Windows 7/8 SSD Optimization

Discussion in 'Windows 7' started by AnimaliX, Aug 20, 2012.

  1. AnimaliX

    AnimaliX MDL Novice

    Jul 28, 2009
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    #1 AnimaliX, Aug 20, 2012
    Last edited: Aug 26, 2012
    Windows 7vs8 SSD Optimization

    Windows 7vs8 SSD Optimization

    Disable indexing

    Description: Indexing creates and maintains a database of file attributes. This can lead to multiple small writes when creating/deleting/modifying files. Searching for files will still work.

    Instructions: Start Menu -> Right-Click Computer -> Manage -> Services and Applications -> Services - > Right-Click Windows Search -> Startup type: Disabled -> OK

    Description: We also need to stop Windows 7 indexing the SSD. SSD drives seek so fast that Indexing is not needed. In fact, while Windows 7 is indexing the SSD it is slowing down your system.

    Instructions: Go to Computer -> Right click on SSD Drive -> Properties -> Uncheck Allow files on this drive to have contents indexed in addition to file properties -> Click OK
    Once you unchecked indexing follow the onscreen instructions, you may have to skip some files you do not have access to.

    Disable defragmentation (no need disable with W8)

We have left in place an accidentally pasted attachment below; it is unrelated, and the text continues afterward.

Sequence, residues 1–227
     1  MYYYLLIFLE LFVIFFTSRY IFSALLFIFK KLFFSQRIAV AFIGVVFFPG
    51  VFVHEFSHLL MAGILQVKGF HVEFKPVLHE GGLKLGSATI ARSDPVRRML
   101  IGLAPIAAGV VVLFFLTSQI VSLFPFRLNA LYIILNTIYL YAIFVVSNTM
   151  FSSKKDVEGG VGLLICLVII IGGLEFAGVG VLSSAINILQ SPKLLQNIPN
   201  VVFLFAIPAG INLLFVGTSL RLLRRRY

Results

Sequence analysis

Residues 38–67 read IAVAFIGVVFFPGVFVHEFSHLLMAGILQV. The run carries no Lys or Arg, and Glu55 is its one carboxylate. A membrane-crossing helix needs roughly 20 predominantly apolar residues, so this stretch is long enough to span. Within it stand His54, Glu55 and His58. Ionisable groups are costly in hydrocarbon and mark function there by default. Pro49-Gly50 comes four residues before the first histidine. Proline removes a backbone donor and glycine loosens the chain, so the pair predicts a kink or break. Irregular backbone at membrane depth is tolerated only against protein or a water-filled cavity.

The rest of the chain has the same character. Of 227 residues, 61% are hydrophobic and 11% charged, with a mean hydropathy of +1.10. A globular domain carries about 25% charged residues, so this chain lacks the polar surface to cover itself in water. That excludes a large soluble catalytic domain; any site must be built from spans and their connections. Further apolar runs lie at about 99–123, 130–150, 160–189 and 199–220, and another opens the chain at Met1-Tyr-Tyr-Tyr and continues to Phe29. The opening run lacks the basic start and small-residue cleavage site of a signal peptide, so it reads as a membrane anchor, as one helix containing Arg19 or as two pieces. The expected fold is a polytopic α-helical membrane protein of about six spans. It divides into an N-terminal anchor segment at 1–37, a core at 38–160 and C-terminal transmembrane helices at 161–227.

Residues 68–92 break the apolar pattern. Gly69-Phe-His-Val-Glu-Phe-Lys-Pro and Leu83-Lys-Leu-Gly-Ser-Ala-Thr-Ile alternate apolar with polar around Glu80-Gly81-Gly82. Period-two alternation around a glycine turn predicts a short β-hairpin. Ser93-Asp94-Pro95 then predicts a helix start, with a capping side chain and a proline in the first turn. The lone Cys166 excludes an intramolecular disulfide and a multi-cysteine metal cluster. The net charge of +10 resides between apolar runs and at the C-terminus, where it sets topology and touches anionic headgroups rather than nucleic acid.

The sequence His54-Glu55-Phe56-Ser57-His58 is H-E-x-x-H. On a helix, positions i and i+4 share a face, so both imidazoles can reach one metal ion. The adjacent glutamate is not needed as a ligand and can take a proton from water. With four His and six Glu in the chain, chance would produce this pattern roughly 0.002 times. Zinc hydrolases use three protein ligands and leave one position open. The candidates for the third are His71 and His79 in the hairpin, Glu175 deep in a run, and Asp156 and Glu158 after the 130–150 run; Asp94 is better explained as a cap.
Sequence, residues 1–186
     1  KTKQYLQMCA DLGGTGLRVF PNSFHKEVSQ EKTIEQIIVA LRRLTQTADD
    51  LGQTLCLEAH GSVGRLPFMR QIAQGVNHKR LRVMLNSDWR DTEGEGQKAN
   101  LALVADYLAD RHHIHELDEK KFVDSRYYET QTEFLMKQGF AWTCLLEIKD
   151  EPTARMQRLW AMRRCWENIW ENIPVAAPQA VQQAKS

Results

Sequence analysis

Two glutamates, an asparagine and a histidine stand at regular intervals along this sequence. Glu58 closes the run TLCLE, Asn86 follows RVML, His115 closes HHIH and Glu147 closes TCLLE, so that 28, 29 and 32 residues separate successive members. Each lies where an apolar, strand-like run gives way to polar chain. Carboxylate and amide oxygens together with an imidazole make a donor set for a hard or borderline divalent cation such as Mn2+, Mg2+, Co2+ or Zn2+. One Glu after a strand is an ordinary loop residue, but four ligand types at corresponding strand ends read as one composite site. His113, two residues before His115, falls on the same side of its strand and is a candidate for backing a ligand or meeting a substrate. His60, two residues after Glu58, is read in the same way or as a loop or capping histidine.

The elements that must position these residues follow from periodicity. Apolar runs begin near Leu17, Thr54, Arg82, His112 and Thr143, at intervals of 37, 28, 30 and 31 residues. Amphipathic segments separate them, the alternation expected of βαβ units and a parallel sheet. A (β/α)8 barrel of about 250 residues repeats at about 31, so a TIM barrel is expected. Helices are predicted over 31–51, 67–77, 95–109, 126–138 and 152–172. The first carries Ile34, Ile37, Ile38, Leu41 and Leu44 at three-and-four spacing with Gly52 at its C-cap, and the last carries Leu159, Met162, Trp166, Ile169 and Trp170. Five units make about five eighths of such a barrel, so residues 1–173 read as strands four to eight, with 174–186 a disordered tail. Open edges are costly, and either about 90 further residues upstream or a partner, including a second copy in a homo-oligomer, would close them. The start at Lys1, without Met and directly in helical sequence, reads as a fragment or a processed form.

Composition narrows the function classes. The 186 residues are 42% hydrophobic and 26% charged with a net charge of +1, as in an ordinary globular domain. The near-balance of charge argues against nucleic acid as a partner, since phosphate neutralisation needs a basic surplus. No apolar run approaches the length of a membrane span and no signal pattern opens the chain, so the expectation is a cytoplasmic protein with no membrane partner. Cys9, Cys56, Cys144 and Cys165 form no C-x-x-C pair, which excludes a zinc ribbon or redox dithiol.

Description: Defragmenting a hard disk's used space is only useful on mechanical disks with multi-millisecond latencies. Free-space defragmentation may be useful to SSDs, but this feature is not available in the default Windows Defragmenter.

    Instructions: Start Menu -> Right-Click Computer -> Manage -> Services and Applications -> Services - > Right-Click Disk Defragmenter -> Startup type: Disabled -> OK

    Turn Off the Disk Defragmenter Schedule (no need disable with W8)

    Description: Disk Defragmenter schedule allows to run defragmentation automatically in Windows 7. Disk Defragmenter is set to run on a automatic schedule by default in Windows 7.

    Instructions: Start Menu -> All Programs -> Accessories -> System Tools -> Disk Defragmenter -> Click on the Configure schedule button -> Uncheck the Run on a Schedule box -> Click on OK -> Close the window.

    Disable Superfetch (no need disable with W8)

    Instructions: Open regedit.exe and browse down to the following key:

    HKEY_LOCAL_MACHINE\SYSTEM\CurrentControlSet\Control\Session Manager\Memory Management\PrefetchParameters

    Find the "EnableSuperfetch" key on the right-hand pane, rightclick it, hit modify and change 3 to 0 and hit OK.

    Disable Prefetch (no need disable with W8)

    Description: Frees up RAM by not preloading program files.

    Instructions: Open regedit.exe and browse down to the following key: